The model predicts that addition of graphics to text
-
only
Webpages would enhance content retention regardless of the speed of the
network.

Media research suggests animations would provide additional
cognitive support (Mayer, 1997; Mayer & Anderson, 1992; Soulier, 1988)
for the processing of content. Consequently, it was predicted that adding
animations would improve the cognitive transfer
of the content as depicted
in Figure 4.

According to Reiber (1991), animation had the ability to present
complex concepts and relationships that static graphics could not convey.
The drawback of using animation on Webpages consisted of the requirement
for

larger file sizes to be delivered over the Internet. The research findings of
Mayer (1997) suggested that cognitive processing of concepts presented in
animation was enhanced by the addition of sound. However, Mayer’s
findings might not apply because the
download time for sound may generate
cognitive interference that negates the cognitive gain of adding sound.























































The reduction in cognitive loading created by the addition of sound
might be offset easily by the interference generated by slow download
s.
Therefore, any cognitive model for Webpage design must factor in the speed
of the network that would deliver the content. Figure 5 assumes the content
was delivered using a very fast network.

The pilot study conducted in preparation for this study v
erified that
speed of the network does influence a Webpage’s cognitive loading.

Pilot Study

A pilot test of the delivery of the treatment and the data collection
procedures was conducted at a major southwestern university. The network
was slower than the

one used in the final study. Sixty graduate and
undergraduate students from computer classes participated in the pilot study.
The pilot study uncovered a potential problem with the delivery of the
Webpages with text, graphics, animation, and sound. The
long download
times for these Webpages resulted in a dropout rate of 50%. The students
expressed frustration with the study and they requested permission to
terminate the testing. The longer download times tended to confuse the
subjects, resulting in a
higher cognitive load and lower content transfer. The
subjects thought that the Webpages were corrupt when the pages did not












appear immediately. Consequently, the frustration level of the subjects
increased significantly, as did their cognitive loading.

The pilot study results
suggested that the bandwidth of the network should be considered carefully
when selecting media for inclusion in Webpage designs.

Assessment of Networks

During the investigation to determine the appropriate network to use
for the
study, several network characteristics were defined. A slow network
was defined as a connection of 14,400 bits per second to 28,800 bits per
second. A moderate connection was defined as 56,600 bits per second. A
fast connection was defined as a T
-
1 or a

T
-
3 data line to the college
combined with 10 megabits per second (Mbps) shared Ethernet connection
to the desktop of the user. Finally, a very fast connection was defined as a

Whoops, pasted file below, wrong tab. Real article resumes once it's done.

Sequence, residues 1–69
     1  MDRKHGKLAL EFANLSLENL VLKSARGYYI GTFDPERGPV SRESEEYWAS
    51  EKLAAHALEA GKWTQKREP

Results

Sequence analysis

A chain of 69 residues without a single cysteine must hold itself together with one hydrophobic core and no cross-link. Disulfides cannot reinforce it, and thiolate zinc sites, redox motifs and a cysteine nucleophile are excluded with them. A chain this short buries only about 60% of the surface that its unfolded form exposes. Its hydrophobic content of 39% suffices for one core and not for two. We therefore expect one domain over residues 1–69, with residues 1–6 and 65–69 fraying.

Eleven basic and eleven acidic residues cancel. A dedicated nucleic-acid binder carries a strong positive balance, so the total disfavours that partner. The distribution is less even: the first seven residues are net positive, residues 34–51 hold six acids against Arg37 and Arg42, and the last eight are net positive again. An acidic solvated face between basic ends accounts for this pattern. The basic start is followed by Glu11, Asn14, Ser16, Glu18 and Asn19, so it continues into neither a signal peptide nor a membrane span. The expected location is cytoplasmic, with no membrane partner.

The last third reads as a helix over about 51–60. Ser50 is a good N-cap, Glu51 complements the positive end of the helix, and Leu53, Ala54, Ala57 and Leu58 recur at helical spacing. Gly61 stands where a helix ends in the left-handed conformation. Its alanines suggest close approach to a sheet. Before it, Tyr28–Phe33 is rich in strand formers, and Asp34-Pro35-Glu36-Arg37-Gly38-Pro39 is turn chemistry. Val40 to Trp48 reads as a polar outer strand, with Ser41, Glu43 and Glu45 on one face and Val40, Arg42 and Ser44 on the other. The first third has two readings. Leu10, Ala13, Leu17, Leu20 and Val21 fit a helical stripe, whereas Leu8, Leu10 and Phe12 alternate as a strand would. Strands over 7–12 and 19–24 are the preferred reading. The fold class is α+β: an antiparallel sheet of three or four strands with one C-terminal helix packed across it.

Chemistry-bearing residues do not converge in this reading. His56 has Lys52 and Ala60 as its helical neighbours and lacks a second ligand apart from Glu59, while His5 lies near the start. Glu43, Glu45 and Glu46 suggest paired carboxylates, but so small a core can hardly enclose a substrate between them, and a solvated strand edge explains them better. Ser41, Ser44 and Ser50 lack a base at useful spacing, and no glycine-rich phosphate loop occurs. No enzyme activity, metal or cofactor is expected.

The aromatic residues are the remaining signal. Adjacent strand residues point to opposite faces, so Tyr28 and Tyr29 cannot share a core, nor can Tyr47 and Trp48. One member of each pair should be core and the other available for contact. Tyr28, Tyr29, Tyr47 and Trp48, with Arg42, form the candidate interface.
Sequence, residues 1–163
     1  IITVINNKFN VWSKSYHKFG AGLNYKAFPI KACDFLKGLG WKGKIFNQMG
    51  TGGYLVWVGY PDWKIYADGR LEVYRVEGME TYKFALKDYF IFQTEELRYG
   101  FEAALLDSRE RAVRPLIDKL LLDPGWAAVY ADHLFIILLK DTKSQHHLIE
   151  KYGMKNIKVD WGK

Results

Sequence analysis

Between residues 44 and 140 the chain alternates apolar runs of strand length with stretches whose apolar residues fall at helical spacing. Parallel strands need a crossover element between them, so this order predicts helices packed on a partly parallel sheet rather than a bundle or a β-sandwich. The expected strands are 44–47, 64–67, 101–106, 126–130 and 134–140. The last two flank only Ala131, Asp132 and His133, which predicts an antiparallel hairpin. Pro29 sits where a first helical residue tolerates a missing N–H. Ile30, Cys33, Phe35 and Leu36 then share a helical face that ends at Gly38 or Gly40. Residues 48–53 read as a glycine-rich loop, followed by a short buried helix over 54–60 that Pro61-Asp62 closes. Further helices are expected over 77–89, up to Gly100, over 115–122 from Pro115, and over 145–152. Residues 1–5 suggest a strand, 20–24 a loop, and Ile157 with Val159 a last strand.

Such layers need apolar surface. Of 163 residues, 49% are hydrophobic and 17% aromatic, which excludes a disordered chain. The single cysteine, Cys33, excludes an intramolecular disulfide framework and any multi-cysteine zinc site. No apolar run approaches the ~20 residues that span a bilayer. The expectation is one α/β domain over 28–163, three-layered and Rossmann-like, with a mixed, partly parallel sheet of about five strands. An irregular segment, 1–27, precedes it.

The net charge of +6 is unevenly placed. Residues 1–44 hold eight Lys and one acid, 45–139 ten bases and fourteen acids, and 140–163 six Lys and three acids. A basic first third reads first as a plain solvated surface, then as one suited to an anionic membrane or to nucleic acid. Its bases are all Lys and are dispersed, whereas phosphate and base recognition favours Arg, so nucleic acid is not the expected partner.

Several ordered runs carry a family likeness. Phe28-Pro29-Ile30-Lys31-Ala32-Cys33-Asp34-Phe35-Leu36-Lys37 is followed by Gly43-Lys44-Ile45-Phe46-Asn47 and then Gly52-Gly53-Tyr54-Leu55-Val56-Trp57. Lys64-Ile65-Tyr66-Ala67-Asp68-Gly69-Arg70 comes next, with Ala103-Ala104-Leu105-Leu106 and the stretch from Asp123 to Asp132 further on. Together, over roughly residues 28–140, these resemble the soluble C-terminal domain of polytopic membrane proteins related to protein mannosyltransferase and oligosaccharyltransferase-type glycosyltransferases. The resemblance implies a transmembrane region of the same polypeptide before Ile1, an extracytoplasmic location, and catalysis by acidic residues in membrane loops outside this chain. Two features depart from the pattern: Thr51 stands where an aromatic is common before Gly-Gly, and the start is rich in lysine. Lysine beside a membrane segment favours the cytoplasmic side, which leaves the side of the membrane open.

T3 fiber optic connection with at least a 10 Mbps on demand switched
Ethernet

connection to the desktop of the user.

Model for Slow Network

The large file sizes for Webpages with animation or animation with
sound caused excessive cognitive interference. The model assumed that the
cognitive load from the excessive download time o
ffsets any gain in content
processing the media provided. Even at slow download speeds, the content












required graphics to help the processing of the content and add variety to the
instruction. Consequently, the most efficient method

to transfer content ov
er
a slow network was restricted to Webpages with only text and graphics as
shown in figure 6.

Model for Moderate Speed to Fast Network

Once again, text
-
only pages did not provide the cognitive support
required for processing complex concepts. Because th
e network connection
was fast, the model assumed that graphics would improve the cognitive
processing of the material but not as much as did Webpages with animation
added. However, Webpages with animation and sound required file sizes
that were sufficientl
y large to create the download interference issue. The
pilot study was conducted on a network that met the fast criteria and the
subjects experienced problems related to download interference.
Consequently, the results of the pilot indicated that cognitive

gain because of
the addition of sound was negated by the interference created by excessive
download times.



























Existing research suggested that Webpages had to balance the type of
media used against the interference caused by the download time of the
med
ia. As demonstrated in the examination of the different types of
networks, the measurable advantages of faster speeds became apparent as
seen in figure 7. Webpages with text, graphics, and animation were
predicted to provide the best content retention.

M
odel for Very Fast Network

Regardless of the speed of the network connection, text
-
only pages do
not provide the cognitive support required for complex concepts.
Furthermore, the excessive use of text in electronic form hinders the
processing of the conten
t material (Bradshaw, 1997; Hathaway, 1984;
Morrison et al., 1991).

Text and graphics increase the probability that a mental model was
created because the graphic provided a visual representation of that mental
model. Animation, in conjunction with text a